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Article by Eli Manning from NFL.com



Eli Manning keeping family tradition alive


By Eli Manning

Special to NFL.com


Having a father who played in the NFL was great, and it must be even better for kids who are old enough to enjoy it. For me personally, I was only three years old when my father Archie retired, so I really don't remember him playing at all. What I do remember is that in the years after he retired, he did the radio call on Saints home games.


Every week, he would take my two brothers and me to the games, along with one of my brother's friends. We'd get there around 9 or 10 a.m. and roam around the Superdome before anyone else got there. We'd run around on the field, in the locker room, just about everywhere. Once the game started we'd go sit in the stands. Then after the game, we'd go down to the locker room and talk to the players. I can still remember that Saints locker room and all the Saints I met and was friendly with ... all the guys from the "Dome Patrol" ... Ricky Jackson, Ron Johnson, Sam Mills, Pat Swilling. I was such a big fan of those guys. On offense, I was friendly with quarterbacks Bobby Hebert and Steve Walsh, but back then, defense was the big story on that team.


Still to this day, I've never played a game on any level in the Dome. We almost did last year, but then Katrina moved the game against the Saints up to New York. Peyton has played there four times.


What I remember about my dad back then is how he handled himself around the fans. He was still the hero to a lot of fans and was very well known around the community, so lots of people would always come up and talk to him. He would sign everything they put in front of him and was always polite. As a kid, that left an impression on me. I tried to learn from that and try to carry myself the same way now.


Once I went off to Ole Miss, there was probably more pressure on me than I realized at the time. When I committed to Ole Miss, it had been 30 years since he left.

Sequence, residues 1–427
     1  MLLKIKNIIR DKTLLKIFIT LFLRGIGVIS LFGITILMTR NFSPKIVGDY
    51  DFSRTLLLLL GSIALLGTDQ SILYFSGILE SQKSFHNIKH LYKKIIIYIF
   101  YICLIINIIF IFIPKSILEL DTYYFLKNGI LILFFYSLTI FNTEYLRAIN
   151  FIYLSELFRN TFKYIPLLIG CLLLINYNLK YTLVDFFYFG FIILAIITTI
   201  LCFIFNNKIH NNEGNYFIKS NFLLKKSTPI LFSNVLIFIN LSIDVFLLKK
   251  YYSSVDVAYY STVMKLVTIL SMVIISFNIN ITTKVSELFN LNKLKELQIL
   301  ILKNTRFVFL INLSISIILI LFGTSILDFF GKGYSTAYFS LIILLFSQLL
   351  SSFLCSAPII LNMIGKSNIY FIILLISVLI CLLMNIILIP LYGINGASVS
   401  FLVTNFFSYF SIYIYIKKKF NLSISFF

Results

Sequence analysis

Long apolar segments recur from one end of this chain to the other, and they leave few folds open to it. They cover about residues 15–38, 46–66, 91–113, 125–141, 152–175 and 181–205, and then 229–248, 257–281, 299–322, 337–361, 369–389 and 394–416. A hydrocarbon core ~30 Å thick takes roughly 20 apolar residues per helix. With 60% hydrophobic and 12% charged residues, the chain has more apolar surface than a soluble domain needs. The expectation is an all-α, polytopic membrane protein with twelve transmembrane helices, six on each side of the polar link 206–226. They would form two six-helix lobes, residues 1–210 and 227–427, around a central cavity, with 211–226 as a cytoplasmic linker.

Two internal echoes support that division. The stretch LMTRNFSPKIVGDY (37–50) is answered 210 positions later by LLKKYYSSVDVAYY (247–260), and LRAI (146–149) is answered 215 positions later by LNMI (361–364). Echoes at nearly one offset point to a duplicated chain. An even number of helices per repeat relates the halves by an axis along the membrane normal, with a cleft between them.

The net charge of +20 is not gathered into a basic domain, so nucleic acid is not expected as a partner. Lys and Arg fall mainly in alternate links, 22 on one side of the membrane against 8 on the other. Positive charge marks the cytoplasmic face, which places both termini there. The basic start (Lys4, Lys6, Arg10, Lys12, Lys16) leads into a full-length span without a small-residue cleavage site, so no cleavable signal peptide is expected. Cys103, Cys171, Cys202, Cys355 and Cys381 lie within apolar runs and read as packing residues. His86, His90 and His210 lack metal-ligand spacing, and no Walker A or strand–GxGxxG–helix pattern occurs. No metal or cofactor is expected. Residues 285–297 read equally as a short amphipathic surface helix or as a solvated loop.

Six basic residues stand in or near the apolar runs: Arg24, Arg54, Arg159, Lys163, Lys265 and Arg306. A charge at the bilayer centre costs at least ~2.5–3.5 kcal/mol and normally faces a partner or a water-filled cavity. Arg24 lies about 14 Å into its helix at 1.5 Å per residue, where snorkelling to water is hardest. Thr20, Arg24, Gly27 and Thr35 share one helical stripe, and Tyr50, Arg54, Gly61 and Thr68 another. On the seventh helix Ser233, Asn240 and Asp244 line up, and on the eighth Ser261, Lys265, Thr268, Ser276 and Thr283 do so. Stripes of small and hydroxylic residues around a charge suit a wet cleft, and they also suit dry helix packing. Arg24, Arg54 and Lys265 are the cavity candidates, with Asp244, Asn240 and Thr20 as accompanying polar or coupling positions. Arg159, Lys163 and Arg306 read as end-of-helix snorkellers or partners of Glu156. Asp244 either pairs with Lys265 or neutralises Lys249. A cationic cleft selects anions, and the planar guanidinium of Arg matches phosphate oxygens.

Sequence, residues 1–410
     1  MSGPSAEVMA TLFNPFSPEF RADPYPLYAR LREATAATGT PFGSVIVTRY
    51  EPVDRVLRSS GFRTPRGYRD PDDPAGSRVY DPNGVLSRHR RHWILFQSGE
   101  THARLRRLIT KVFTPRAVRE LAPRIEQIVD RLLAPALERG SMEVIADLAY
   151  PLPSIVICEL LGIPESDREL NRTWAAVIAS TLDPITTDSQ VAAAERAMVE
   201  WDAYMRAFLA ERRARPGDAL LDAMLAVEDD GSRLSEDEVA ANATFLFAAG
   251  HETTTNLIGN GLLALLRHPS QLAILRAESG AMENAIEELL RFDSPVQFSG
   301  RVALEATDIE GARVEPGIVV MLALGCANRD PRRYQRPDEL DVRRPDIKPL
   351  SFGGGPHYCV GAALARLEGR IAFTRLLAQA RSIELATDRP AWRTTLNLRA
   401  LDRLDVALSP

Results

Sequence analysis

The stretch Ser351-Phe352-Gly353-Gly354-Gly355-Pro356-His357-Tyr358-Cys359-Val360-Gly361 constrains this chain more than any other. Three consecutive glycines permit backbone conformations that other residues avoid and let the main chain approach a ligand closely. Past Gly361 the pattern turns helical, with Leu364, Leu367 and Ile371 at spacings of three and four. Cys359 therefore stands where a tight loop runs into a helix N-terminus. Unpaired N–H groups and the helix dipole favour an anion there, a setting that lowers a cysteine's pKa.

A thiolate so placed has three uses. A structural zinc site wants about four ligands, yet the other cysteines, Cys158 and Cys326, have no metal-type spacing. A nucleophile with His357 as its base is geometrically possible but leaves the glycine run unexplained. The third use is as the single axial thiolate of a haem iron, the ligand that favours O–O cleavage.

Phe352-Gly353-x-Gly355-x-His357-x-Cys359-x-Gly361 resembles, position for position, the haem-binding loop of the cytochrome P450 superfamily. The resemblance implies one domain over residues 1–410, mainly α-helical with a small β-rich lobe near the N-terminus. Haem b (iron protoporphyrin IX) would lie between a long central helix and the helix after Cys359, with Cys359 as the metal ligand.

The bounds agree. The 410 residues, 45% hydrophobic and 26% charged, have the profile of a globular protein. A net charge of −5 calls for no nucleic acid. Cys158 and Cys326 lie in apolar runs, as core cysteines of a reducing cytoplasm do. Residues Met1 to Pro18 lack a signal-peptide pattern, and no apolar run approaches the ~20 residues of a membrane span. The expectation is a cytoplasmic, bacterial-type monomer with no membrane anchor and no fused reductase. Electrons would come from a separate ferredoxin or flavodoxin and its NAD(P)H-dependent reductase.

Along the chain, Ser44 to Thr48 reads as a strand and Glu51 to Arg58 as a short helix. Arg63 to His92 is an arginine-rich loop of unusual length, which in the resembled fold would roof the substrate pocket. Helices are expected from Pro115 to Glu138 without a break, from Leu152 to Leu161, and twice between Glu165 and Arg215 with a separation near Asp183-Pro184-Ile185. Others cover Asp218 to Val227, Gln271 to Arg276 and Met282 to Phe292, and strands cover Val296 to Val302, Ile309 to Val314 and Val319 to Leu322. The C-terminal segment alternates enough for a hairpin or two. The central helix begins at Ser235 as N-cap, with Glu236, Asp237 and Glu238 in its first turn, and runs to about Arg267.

Nowadays, it's fun playing in the NFL along with Peyton. I talk to both my dad and Peyton after every game. My dad tries to get to as many games as he can, but if he's not there, we'll talk by phone right after it on the ride home or on the bus to the airport.


I do the same thing with Peyton. I try to get home from a 1 p.m. game to see his games if he is playing at 4 p.m., and afterwards I'll always leave him a message and discuss some element of his game. On television, everyone sees the big plays, but more often than not, there is some unbelievable play that was overlooked by the announcers and fans. I'll tell him something like "great read on that deep seam to Marvin," or some other less noticed thing that he did really well.


Sometimes we talk about common opponents. Two years ago, we played in Green Bay a week after Peyton and the Colts had played them. I didn't get to see it live, but when we watched the film of the Packers the following week, we noticed that the Colts had thrown the ball 21 consecutive times to start the game. I had to call him and talk about that, because that is a quarterback's dream to be able to throw the ball that much.


This year, we play the Colts the first week of the year, and that is going to be a big game obviously. For one, it's the season opener, but everyone will surely make a big deal out of Peyton and me facing off. My parents will be at the game, and everyone always asks them who they will root for. The answer is that they will root for offense. They'll probably be hoping for one of those Arena League scores where both teams just move the ball up and down the field and the final score is about 50-49. As long as we both end the game healthy, they won't care who wins.


Having my dad play in the NFL ahead of me and my brother alongside me has been great, and I have learned so much from both of their experiences

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